http://academia.edu/1478086/OCEANOGENIC_POWER

http://en.wikipedia.org/wiki/Renewable_energy_in_Panama

Ralfy Mann
Ralfy Mann

The catch is that renewable energy sources have lower energy returns, which means at best they might be able to meet basic needs but not maintain economic growth.

In addition, the components and infrastructure used for these sources require fuel and petrochemicals, especially in manufacturing and delivery.

Finally, given the fact that most human beings lack one or more basic needs, then the energy generated by these sources might not be enough.


Sirius Andreas
Sirius Andreas

The title of this article is a bit misleading unless one keeps in mind that its scope is limited to electrical power generation, rather than energy production in general. In terms of the latter, renewable energy is only responsible for a tiny fraction of the amount attributable to fossil fuels.

In other words, if we depended exclusively on renewables for energy, civilization as we know it now would collapse.

Sad to say, it seems as though we're fussing over very little. I demand more from the green revolution!

Osmand Charpentier
Osmand Charpentier

Let me inform, in the space of response to my comment, as proof that jealousy to humanity that must be mastered: after this written, wikipedia has allowed to an alleged student, and other cybernetic idlers, claiming silly reasons, and easy to correct, delete any reference to this energy in its online service.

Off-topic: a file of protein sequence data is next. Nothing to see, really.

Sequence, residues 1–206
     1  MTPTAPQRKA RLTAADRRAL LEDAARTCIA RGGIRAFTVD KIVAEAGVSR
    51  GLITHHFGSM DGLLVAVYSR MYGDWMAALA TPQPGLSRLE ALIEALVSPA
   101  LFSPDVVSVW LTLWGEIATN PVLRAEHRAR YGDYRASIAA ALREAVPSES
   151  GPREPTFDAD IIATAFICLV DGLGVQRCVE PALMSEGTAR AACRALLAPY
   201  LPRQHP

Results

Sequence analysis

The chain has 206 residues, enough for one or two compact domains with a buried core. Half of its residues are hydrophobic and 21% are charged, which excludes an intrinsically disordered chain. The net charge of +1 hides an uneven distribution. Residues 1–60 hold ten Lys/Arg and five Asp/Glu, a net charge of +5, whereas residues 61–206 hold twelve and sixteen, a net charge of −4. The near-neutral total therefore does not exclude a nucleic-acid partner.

This is sadly censorship Third World style, paid with money produced from dirty fuels.

Lorena M.
Lorena M.

@Ralfy Mann I disagree even my 7yr old son got it when we went off grid and he learned to look and the energy meter read it then tell me the reading stating the sun is out and the meter is 49vdc can I please play on the play station? so if he gets is in one winter in Canada OFF the Grid I do think and adult will learn it too.

Hawk Eye
Hawk Eye

@Ralfy MannThat's what research, design, development, implementation processes are all about --- finding a better way.  We are on that path now.  It's a process that takes time.